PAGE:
The defendant presented no further evidence. The court summed up the evidence and considerations he had reviewed and then sentenced the defendant to a three-year term in the Department of Corrections. This appeal followed.

Defendant's initial argument that he was sentenced to probation on October 19, 1978, and then probation was improperly revoked on November 14, 1978, is easily dismissible. Quite clearly, defendant was not sentenced to a term of probation on October 19, 1978. The court announced alternative sentences of imprisonment and probation with work release, the latter dependent upon an acceptance into the program. When acceptance of the defendant was denied, it was incumbent on the court to then impose an appropriate sentence. The defendant's "Motion for Reconsideration of Sentencing" brought this matter before the court on November 14, 1978. The court heard evidence. He indicated, "You have asked me to reconsider it [the sentence] and I'm going to reconsider everything before I redecide it * * *."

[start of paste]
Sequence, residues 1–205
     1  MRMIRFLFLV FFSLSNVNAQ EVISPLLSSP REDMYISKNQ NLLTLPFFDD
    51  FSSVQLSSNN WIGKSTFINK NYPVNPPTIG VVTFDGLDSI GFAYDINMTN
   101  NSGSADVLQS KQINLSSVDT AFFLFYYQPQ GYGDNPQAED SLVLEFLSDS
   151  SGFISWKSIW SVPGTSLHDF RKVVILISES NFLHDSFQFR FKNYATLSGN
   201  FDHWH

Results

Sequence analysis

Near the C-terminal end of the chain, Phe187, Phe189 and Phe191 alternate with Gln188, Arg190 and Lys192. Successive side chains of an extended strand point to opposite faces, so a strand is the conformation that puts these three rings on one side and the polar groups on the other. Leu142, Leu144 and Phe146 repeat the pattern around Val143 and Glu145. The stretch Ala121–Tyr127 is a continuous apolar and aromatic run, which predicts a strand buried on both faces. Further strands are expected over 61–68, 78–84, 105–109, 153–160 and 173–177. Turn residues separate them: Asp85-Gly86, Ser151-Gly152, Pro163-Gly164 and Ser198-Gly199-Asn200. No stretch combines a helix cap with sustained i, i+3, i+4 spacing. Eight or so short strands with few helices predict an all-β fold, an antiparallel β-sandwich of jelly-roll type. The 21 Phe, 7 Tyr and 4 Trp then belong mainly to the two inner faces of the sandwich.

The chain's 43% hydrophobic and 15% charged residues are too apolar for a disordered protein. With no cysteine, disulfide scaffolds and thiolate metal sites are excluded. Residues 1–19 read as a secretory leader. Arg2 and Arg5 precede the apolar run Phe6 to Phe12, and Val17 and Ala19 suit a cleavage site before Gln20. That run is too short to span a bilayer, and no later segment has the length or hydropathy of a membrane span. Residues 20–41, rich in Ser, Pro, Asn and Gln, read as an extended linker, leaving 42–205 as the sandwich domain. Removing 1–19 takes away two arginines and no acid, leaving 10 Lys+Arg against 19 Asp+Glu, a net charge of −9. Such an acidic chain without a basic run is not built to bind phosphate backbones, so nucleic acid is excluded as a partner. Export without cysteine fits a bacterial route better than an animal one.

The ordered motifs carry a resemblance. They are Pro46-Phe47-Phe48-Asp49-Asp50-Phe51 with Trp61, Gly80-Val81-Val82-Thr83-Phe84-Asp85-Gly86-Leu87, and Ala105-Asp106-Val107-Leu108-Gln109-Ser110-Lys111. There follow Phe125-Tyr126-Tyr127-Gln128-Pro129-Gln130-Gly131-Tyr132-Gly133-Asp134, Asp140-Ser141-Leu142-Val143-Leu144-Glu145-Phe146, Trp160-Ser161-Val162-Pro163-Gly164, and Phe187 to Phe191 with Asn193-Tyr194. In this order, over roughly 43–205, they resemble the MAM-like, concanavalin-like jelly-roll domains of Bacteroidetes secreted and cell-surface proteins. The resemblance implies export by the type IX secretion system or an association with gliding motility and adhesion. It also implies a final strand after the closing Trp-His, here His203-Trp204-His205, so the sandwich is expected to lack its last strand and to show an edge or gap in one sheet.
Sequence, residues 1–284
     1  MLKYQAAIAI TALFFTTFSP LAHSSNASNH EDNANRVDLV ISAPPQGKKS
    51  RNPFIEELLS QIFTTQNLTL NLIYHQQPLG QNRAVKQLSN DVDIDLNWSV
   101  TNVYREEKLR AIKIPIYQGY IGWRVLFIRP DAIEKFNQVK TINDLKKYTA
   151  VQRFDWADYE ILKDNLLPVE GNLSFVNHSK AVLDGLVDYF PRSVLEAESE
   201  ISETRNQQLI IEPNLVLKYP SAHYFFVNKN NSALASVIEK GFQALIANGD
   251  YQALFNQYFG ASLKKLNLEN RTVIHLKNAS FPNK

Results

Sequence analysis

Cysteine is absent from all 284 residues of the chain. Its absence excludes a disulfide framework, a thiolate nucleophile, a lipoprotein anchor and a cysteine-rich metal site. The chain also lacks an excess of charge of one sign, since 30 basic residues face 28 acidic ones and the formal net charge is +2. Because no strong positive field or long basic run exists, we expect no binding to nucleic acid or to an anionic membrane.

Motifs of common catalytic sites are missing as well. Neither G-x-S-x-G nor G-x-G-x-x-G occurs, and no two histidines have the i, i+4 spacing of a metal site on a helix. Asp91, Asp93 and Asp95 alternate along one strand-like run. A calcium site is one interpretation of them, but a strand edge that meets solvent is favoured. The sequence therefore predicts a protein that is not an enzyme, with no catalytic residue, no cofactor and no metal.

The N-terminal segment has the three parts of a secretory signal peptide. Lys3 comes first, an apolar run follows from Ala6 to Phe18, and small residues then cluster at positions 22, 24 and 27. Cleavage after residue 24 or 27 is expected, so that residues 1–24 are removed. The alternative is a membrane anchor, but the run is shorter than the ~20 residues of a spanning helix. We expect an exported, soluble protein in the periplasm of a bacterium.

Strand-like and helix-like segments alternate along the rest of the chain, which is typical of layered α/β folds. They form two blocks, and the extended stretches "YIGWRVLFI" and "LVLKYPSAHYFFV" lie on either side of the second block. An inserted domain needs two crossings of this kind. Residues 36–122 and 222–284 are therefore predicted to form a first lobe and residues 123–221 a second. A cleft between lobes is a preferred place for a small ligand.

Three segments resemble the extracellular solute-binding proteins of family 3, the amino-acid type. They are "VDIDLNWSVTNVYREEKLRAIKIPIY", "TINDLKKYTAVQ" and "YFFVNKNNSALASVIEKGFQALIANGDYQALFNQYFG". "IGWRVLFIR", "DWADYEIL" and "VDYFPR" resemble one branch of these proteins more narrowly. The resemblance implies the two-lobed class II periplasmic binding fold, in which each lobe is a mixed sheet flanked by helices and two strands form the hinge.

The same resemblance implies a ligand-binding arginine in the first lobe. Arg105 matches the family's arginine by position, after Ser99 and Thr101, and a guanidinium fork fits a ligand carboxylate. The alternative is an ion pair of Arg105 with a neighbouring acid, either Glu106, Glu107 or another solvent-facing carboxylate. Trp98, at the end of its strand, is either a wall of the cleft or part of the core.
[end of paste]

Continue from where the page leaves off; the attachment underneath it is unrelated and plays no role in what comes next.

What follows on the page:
The defendant argues that Illinois law mandates, in the absence of certain aggravating factors, that a court impose probation or conditional discharge as an alternative to imprisonment, in accordance with its policy to rehabilitate rather than punish an offender. He argues that the imposition of a penitentiary sentence in lieu of a probation sentence in this case was an abuse of sentencing discretion.

The Illinois Constitution provides:

"All penalties shall be determined both according to the seriousness of the offense and with the objective of restoring the offender to useful citizenship. * * *" Ill. Const. 1970, art. I § 11.

The Unified Code of Corrections provides:

"Except where specifically prohibited by other provisions of this Code, the court shall impose a sentence of probation or conditional discharge upon an offender unless, having regard to the nature and circumstances of the offense, and to the history, character and condition of the offender, the court is of the opinion that:

(1) his imprisonment or periodic imprisonment is necessary for the protection of the public; * * *." Ill. Rev. Stat. 1979, ch. 38, par. 1005-6-1(a)(1).

The trial judge had before him the presentence report, and the testimony of the sentencing hearing which disclosed the following facts: